The RIA did not provide the required information about the 21 percent return in the advertisements themselves. The only way to access this information was through links embedded in the firm’s advertisements. The embedded hyperlinks were labeled generically as “Disclosures” and “Track Record.” Investors were not alerted that they needed to click on the embedded links in order to review vital information about the criteria, assumptions, risks, and limitations of the hypothetical performance results being advertised. Even if investors clicked on the embedded links, however, they did not receive all of the necessary information regarding the assumptions used and the attendant risks.

Not surprisingly, the assumptions that the RIA used to calculate the hypothetical annualized returns and risks were not as clear and prominent as the highlighted 2,700 percent annualized results. The advertisements also did not disclose whether the hypothetical projected returns were presented net of fees and expenses.


Other compliance problems

Along with its violations of the Marketing Rule, the RIA made contradictory disclosures on its website, as well as in its wrap fee brochure, regarding how the firm’s assets were custodied. In addition, the RIA included a hedge clause in its client advisory contracts. This liability disclosure language in its hedge clause created the false impression that clients had waived causes of action against the RIA, which they were entitled to bring under state or federal law.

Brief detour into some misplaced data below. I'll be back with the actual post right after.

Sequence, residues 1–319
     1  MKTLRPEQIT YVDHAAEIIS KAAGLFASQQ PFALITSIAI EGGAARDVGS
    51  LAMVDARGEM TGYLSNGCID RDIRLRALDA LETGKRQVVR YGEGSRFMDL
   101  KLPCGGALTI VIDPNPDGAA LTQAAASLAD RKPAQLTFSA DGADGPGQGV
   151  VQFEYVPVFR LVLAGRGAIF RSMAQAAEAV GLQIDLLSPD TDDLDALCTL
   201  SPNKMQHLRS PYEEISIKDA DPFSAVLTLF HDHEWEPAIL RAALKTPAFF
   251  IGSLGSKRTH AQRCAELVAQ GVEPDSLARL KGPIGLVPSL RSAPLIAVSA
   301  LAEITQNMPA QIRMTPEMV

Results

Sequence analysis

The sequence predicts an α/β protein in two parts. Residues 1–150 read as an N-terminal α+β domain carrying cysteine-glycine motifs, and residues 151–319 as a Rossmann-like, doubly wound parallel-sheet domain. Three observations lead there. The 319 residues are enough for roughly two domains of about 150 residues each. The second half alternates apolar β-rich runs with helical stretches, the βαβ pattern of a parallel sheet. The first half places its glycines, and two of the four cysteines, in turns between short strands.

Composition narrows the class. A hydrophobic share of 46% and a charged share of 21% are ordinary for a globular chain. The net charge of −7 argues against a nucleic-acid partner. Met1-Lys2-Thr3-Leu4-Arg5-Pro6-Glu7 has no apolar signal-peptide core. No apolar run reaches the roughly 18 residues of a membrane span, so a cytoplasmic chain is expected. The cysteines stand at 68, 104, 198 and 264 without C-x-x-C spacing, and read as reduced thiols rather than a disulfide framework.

The SEC determined that the RIA failed to adopt policies and procedures concerning employee personal trading in crypto assets, even though it made representations to the contrary. The RIA failed to adopt policies and procedures to ensure the accuracy of its disclosures concerning its internal controls over representatives’ personal trading in crypto assets held in the strategy.

Aside from its other compliance deficiencies, the RIA failed to adopt and implement policies and procedures that were reasonably designed to ensure that clients’ signatures were obtained to authorize certain types of transactions in their accounts. The SEC’s order pointed out that the RIA self-reported its failure to ensure that client signatures were obtained for certain types of transactions in their accounts.


The RIA agreed to a cease-and-desist order, a censure, and to pay $192,454 in disgorgement. The RIA was also ordered to pay prejudgment interest and an $850,000 civil penalty that will be distributed to affected clients.

Enforcement actions do more than just punish firms that do not satisfy their compliance obligations. They also send a message to other RIAs that they need to bolster their compliance programs. “This action serves as a warning for all advisers to ensure compliance,” Nawaz said.

The SEC’s press release, as well as the enforcement action, can be reviewed here.


About RIA Compliance Group: RIA Compliance Group is an investment adviser compliance consulting firm based in Delray Beach, Florida. The firm’s mission is to provide affordable, timely, practical, and cost-effective compliance advice. We help investment advisers to comply with the myriad of state and SEC regulations and compliance obligations facing their firms. RIA Compliance Group takes pride in giving personal service and real world compliance advice, not theoretical concepts and legalese. The firm interacts on a daily basis with SEC and state securities regulators.

RIA Compliance Group, LLC – 701 SE 6th Ave, Suite 201, Delray Beach, FL 33483 – Tel: 561-600-0564 – sales@ria-compliance.com